This is it. Jordan has started her senior year.
(it officially starts tomorrow, but she had to go for sophomore day today)
She’s having a bit of anxiety over it. She’s a high school lover.
I’m sure it’s gonna go by really fast for her too.
I’m sure I must have mentioned that we will be going to NYC so she can sing at Carnegie Hall for A Capella too, didn’t I? That should be fun–especially since Dan and I will be chaperoning. ;)
So, how many of your kids have started, or are starting this week?
What are your ‘first of the school year’ traditions?
For us, there’s always the usual school shopping.
And we also take our kids out to dinner at the start–and the end–of the school year.
Whether it’s your first going to kindergarten, a child starting junior high, or anywhere in between, there’s always many emotions for both parent and child. The dreaded homework, quiet time at home, school activities, routine again . . . there’s always something to be thankful for and some things you aren’t. ;)
That’s why I love this page that Laura did! I love that she wrote down her feelings about her daughter starting her junior year in high school.
Time just flies, doens’t it?
Let’s check out her page . . .
Now that little Miss Laura has a great tip to share with us as well!
Here’s the layout (above) that came before the cards that I already shared (see the post before). I started this layout, wanting to use the Print files from the This & That: School Kit as my patterned paper. While all of the pieces making up the patterned paper border along the left side of the layout are cut straight from the Print file sheet, I also wanted to cut a few of my titles from those same patterns, so that they would match perfectly. This is where I had to get a little creative, since I needed pieces that were much larger to cut from.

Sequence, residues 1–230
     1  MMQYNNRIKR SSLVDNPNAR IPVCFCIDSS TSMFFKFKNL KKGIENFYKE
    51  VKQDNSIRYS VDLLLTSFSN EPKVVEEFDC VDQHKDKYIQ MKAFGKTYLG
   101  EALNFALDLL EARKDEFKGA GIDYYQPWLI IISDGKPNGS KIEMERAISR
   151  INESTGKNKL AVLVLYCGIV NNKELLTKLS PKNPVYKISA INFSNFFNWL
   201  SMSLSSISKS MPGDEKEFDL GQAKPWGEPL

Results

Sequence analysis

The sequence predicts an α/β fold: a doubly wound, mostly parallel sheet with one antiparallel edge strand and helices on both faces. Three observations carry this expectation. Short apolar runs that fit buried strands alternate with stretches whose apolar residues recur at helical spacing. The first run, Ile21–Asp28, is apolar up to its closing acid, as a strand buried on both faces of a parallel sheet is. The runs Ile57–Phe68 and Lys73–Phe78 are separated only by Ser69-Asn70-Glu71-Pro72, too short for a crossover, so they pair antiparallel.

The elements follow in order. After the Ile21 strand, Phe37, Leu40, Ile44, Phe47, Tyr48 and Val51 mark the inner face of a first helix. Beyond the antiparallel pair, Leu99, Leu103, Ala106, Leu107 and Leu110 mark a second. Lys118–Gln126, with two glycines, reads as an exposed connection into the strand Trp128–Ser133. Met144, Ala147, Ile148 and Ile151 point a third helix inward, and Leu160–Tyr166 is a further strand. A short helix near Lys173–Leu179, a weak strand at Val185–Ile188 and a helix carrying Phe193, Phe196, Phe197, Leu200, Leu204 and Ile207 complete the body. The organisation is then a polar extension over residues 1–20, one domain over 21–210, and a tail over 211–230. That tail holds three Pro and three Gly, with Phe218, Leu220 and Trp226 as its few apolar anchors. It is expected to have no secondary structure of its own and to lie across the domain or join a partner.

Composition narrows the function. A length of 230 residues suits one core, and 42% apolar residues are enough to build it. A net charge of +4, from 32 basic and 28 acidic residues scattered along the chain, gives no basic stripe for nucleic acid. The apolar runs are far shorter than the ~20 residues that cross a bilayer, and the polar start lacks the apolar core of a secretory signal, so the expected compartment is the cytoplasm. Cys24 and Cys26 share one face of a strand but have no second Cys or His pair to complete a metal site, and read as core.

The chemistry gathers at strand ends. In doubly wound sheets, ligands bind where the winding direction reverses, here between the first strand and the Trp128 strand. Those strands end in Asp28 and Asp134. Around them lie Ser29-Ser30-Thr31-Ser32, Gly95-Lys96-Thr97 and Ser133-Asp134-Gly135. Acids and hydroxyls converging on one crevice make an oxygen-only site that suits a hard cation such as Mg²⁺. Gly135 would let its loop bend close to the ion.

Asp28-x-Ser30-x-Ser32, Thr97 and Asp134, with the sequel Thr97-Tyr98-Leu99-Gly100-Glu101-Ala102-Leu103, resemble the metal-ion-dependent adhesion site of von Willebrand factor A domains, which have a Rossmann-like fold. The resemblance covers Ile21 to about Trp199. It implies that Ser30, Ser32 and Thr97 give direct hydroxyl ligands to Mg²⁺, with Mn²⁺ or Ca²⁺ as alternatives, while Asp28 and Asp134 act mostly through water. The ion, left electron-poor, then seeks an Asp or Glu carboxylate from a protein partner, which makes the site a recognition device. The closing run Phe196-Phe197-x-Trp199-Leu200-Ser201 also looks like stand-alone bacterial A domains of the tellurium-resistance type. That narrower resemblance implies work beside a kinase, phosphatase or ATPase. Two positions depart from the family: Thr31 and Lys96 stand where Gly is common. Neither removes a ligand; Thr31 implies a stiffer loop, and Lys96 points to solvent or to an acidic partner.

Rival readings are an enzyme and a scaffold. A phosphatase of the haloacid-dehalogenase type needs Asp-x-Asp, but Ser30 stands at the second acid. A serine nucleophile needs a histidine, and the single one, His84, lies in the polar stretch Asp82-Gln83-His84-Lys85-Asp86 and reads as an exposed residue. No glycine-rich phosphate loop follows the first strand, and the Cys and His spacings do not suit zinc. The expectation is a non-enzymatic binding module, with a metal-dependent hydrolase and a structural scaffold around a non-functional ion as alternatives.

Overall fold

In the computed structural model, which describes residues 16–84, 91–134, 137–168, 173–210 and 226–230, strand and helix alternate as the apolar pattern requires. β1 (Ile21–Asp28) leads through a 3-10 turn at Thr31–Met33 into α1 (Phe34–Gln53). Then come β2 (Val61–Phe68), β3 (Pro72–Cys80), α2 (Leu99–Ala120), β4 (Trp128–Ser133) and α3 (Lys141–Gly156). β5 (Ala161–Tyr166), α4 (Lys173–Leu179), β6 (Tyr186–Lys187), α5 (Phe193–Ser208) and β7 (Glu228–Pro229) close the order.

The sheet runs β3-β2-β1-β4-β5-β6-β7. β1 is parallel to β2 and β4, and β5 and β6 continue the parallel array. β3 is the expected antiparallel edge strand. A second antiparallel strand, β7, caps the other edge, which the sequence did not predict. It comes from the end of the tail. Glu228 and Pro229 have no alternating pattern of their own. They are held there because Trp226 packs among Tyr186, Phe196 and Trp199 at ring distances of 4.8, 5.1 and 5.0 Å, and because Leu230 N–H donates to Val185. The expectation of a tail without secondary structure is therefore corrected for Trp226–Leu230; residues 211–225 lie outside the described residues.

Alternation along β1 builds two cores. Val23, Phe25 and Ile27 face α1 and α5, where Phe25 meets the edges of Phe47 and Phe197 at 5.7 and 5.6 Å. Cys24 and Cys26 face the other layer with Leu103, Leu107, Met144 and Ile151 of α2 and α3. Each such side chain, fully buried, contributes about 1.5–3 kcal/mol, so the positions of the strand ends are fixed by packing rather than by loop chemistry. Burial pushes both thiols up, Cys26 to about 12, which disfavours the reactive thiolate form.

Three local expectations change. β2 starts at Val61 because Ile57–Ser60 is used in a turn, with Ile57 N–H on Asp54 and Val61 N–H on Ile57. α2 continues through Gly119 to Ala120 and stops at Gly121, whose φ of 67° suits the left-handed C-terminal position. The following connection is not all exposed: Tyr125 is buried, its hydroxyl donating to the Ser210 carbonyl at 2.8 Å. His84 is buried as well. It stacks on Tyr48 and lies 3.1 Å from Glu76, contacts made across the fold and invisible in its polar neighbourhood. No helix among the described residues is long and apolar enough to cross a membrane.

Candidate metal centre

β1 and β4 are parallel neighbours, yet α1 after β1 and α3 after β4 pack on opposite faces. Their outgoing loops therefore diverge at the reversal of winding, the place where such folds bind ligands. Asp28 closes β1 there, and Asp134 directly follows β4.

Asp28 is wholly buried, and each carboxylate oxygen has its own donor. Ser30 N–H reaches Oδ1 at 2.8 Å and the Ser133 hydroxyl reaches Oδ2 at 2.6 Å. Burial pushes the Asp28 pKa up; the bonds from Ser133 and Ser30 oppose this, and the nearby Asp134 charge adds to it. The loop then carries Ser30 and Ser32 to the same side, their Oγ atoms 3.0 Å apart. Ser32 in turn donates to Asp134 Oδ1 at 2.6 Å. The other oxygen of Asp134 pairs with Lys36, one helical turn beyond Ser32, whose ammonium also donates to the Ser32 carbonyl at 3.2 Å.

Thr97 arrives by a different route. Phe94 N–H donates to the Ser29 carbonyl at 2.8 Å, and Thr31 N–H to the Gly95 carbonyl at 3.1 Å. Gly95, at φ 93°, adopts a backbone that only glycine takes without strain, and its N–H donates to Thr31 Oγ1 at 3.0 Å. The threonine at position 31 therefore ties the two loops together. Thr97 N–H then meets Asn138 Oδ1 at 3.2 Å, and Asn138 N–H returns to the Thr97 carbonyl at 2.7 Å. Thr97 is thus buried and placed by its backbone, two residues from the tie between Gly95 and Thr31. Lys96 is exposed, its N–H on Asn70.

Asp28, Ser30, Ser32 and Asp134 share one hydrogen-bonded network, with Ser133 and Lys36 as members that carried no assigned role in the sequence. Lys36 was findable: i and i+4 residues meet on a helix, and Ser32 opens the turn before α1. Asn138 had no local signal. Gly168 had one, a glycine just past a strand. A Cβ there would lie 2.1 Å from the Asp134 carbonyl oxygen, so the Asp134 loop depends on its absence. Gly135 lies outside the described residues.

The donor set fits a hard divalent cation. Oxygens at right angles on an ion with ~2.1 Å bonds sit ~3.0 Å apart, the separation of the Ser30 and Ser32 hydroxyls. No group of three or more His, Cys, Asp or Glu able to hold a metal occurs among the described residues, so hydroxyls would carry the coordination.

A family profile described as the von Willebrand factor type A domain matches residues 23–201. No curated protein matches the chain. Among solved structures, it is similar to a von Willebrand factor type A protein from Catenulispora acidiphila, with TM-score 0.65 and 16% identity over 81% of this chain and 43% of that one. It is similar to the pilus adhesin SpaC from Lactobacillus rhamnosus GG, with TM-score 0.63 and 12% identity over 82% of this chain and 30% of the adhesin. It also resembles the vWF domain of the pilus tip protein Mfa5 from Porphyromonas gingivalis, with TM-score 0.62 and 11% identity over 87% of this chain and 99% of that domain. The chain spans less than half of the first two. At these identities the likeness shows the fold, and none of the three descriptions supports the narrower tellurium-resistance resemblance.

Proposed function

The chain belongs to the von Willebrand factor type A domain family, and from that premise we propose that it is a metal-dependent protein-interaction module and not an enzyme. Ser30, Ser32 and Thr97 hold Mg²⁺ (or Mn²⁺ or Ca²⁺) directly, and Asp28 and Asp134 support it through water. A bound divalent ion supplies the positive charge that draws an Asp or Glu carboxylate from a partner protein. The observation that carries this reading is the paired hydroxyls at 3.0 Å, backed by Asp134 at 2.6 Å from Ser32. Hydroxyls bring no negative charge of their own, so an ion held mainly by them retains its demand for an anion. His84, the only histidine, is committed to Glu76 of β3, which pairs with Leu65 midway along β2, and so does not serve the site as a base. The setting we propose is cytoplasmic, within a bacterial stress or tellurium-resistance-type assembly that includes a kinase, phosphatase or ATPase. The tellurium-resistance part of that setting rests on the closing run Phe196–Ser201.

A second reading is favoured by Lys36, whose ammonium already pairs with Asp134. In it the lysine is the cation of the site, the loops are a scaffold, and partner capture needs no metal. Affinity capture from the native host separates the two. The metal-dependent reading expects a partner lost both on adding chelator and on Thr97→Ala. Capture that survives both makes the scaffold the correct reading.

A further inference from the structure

I started by pulling up one of the Print files that I wanted to work with, and choose which paper shape I was going to use for my cutting.
Using the Rectangular Marquee Tool, I select the paper that I want, by dragging a box around it and then selecting Copy from the dropdown menu (under edit).
I open up a new canvas to work on. I choose an 11” x 8.5”, since my printer only prints standard paper sizes.
From the dropdown menu (under Edit), choose Paste, which will paste the image you copied onto the blank canvas. You will go to your dropdown menu again (under edit), and choose Free Transform. Normally, I would hold down the Shift button while dragging one of the corners in or out to make the images smaller or larger in size, but still keeping the general shape intact.
However, I wanted to make this image larger, but also wider so that the ruled lines didn’t end up too far apart. So I didn’t worry about holding down the Shift button, while dragging out the edges of the shape to make it stretch across the page.
Since I was going to be cutting out a few different titles, I wanted to cover my entire paper with the black ruled patterned paper. Had I just made my original shape larger, to fill the page, the ruled lines would have been very far apart. So this is why I made the shape shorter and wider, and then simply copied and pasted it, so that were actually two on the sheet. When finished, just flatten the image, and send it through your printer (I used textured white cardstock).
Here’s a look at what I was cutting out on my Silhouette. The “And so it begins” and the “Junior Year” were for my layout, and the two “ABC” were for my cards.
And here’s a look at how it all cut out of my printed paper.
I also needed to cut the “And so it” and “Junior” to add to my layered titles, and I wanted to cut them from papers that matched the ones that were on my layout from the original Print file. So I pulled up the second Print file, and choose the two papers that I wanted to use to cut from.
I choose this lined yellow paper.
And this grid blue paper.
I used the same steps that I used before. Selecting the Free Transform from the dropdown menu (under Edit), and dragging out the edges of the paper until the size looked right for what I was going to cut.
You could easily enlarge several of the paper shapes from the Print files, and combine them onto a sheet or two to print out.
You can see here that I had plenty of room to work with once I cut out the titles I needed. I could have added more shapes to cut, use the extra on another card or layout, or even use it with punches for embellish my layout or cards.
While Kerri’s This & That kits are fabulous for their intended purpose, which is for creating the gorgeous altered trays, keep in mind they can be used for lots of other projects as well. Break them down, and think of other ways to get the most out of them. And if you’re looking for a fun alternative to your regular patterned paper stash, really take a good look at the Print files, as you have a good selection of patterned paper right there. And you only have to print what the amount of paper you need!